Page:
Pioneer Genealogical Society - Ponca City, Oklahoma




The Blackwell Sun
Blackwell, Oklahoma
June 25, 1903

The Times Record
Blackwell, Oklahoma
June 25, 1903

Submitted by
Loyd Bishop

A.J. Blackwell Suddenly Passes Away
And Was the Founder of Blackwell

From Friday’s Daily

A. J. Blackwell, the founder of the city of Blackwell is dead. This forenoon John R. May received the following telegram:
Chelsea, I. T. - June 19-03

Mr. Blackwell dropped dead this morning. Will be buried tomorrow at 4:30. - Rosa Blackwell

A few weeks ago Mr. Blackwell moved his family from this
City to Chelsea, I. T., to be nearer the scenes of some large business transactions he had recently engaged in.
The announcement of his death was a great surprise, and the news rapidly spread throughout the city, many people being inclined to doubt the truth of the report, owing to the fact that he has been on one or two occasions during the past few years reported dead.
A. J. Blackwell was probably close to sixty years old at the time of his death. He was born in the state of Mississippi, but spent a great many years in the Cherokee Nation, his wife being part Cherokee. During his latter years he accumulated a great deal of property and was a very wealthy man at the time of his death. He leaves a widow and three children.
A. J. Blackwell was a town builder. Long before the Cherokee Strip was opened to settlement he conceived the idea of building a city upon the present site of Blackwell. He secured the allotments, three eighties, and when the strip opened to settlement on Sept. 16th, 1893, this town had already been laid out and surveyed into lots, blocks and streets, with one house on the town site, a small frame building that now stands back of the Blackwell hotel on West Blackwell Avenue. The original name of this city was Blackwell Rock, but the citizens soon dispensed with the Rock and adopted the name of Blackwell. He afterwards founded the town of David, in the Cherokee Nation, and was also one of the founders of the town Chelsea in the same country.


Last Friday morning John R. May received a telegram from Mrs. Blackwell at Chelsea, I.T., announcing the sudden death of her husband, Col. A. J. Blackwell, and later by letter to Mr. May gave an account of his death, burial, etc. Mr. Blackwell arose Friday morning in usual health and sprits, but before he had completely dressed he spoke to Mrs. Blackwell and told her to look at him as he was going to die, and almost as he spoke he turned purple, and toppled over before Mrs. Blackwell could reach him to support him. Death followed shortly. The funeral held Saturday was conducted by Chelsea Lodge, I.O.O.F, of which the deceased was a member. Colonel Blackwell, as founder and principal builder of this city, has had much to do with its history and the story of his life if properly compiled would read like fiction. He was an eccentric character, but was a shrewd, capable business man and had amassed thousands that in a few years would have made him worth what he claimed he would be, a millionaire; his holdings in this city are among the most valuable in town, and he was builder and owner of Hotel Blackwell corner; Hotel Maine corner, and Hotel Kay corner; also four brick buildings are some valuable unimproved property; at one time his monthly rent toll amounted to $1500. His permanent improvements showed his faith in the town and while in the past two years he has not given his interests here much of his time, still it is known that he thought highly of Blackwell. About three months ago he moved his family to Chelsea, I.T., to give his time to the development of his vast coal, oil and farming interests near there and they bid fair to make him a millionaire. While at times of an irascible disposition much could be said to his credit and his bite was never as serious as his bark. He was a humorist and could give or take a joke even when most perplexed with cares. The Commercial club at their meeting Tuesday of this week took action on the death of Col. Blackwell by passing the following resolution:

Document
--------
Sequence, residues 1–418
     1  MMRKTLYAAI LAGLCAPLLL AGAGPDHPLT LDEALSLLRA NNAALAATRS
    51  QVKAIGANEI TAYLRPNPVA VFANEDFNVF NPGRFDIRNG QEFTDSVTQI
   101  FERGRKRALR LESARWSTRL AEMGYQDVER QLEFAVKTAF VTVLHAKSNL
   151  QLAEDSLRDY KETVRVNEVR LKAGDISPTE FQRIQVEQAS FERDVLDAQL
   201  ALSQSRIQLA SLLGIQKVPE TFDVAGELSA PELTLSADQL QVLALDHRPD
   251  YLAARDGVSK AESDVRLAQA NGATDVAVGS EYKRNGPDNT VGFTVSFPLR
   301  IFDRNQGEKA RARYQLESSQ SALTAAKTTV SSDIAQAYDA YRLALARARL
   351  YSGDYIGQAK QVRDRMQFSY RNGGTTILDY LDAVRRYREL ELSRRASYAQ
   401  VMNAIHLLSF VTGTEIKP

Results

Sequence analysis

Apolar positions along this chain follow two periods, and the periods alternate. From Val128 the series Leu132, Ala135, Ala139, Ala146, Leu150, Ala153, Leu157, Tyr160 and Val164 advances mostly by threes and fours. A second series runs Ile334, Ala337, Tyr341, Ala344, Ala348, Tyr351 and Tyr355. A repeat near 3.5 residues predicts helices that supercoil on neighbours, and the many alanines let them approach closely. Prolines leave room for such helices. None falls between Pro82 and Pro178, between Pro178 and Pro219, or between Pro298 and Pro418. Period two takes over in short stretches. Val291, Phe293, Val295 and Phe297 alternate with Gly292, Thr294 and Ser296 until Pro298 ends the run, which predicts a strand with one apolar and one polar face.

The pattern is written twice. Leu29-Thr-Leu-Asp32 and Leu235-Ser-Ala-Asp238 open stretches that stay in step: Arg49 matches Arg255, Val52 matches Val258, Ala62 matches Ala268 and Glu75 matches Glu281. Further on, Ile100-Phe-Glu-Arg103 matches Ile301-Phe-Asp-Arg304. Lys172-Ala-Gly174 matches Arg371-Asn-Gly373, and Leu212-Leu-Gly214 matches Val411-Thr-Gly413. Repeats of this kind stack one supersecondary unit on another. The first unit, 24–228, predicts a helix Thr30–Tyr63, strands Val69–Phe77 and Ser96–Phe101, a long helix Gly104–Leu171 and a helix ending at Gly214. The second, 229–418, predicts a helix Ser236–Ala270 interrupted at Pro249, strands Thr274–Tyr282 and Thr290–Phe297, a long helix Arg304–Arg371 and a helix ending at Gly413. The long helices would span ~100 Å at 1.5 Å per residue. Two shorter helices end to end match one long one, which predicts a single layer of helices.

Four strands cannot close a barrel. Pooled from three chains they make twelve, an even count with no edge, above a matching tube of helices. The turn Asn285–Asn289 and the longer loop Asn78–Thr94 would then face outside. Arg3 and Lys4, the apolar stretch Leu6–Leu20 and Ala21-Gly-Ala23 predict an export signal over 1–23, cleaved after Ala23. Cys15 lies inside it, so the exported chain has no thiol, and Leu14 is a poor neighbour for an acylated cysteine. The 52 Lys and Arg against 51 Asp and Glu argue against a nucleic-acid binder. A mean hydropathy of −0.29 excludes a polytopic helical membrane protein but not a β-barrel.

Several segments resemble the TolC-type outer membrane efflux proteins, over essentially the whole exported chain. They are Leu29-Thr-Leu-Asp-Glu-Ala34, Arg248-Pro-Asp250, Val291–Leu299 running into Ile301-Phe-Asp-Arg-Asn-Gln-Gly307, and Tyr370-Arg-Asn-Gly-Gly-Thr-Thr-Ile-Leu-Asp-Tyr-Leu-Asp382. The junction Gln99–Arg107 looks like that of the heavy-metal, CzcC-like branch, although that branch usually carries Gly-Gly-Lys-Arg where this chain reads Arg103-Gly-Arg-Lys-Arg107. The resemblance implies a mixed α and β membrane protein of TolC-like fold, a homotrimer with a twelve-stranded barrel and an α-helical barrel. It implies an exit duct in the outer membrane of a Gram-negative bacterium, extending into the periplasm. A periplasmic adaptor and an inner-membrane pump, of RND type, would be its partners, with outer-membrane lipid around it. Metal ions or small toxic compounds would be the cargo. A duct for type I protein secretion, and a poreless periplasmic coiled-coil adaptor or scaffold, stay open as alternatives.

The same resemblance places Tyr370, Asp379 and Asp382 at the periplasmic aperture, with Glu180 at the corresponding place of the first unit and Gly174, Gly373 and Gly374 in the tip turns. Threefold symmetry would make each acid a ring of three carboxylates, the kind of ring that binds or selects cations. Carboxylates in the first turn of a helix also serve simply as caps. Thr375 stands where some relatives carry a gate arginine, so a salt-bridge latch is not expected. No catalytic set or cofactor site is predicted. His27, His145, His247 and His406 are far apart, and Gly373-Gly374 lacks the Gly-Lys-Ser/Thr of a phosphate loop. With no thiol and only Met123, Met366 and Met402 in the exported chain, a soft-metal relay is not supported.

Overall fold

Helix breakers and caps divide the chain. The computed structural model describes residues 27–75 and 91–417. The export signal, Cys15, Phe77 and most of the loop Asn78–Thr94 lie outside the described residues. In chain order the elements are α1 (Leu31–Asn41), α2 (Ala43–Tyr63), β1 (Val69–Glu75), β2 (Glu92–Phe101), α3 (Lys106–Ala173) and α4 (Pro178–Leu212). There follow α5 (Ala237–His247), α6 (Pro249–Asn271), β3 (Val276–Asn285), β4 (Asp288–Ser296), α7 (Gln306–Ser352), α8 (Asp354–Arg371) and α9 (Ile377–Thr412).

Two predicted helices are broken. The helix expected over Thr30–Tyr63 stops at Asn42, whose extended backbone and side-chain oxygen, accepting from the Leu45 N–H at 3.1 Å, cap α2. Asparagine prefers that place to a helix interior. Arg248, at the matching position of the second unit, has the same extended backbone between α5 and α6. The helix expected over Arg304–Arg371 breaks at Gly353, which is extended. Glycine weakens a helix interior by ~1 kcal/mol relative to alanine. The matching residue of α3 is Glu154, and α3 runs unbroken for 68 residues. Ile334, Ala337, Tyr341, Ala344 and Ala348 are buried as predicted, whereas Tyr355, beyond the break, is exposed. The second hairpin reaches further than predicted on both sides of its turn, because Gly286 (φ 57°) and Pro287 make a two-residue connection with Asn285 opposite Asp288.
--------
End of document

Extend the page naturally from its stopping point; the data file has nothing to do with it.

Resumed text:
Whereas, The sad news has come to us of the sudden lamented death of Col. A.J. Blackwell at Chelsea, I.T., and whereas, Col. Blackwell was the founder of our city, its first mayor and its chief citizen; therefore, be it resolved, By the Blackwell Commercial club, that in the death of Col. A.J. Blackwell our city has lost one of its most ardent supporters and friends, whose death is most universally deplored and lamented, and his widow a kind and affectionate husband, and his children a loving father. Be it further Resolved, that to the widow and children of Col. Blackwell we offer our heartfelt sympathy and condolence and that a copy of that resolution be sent to the widow and children of Col. Blackwell.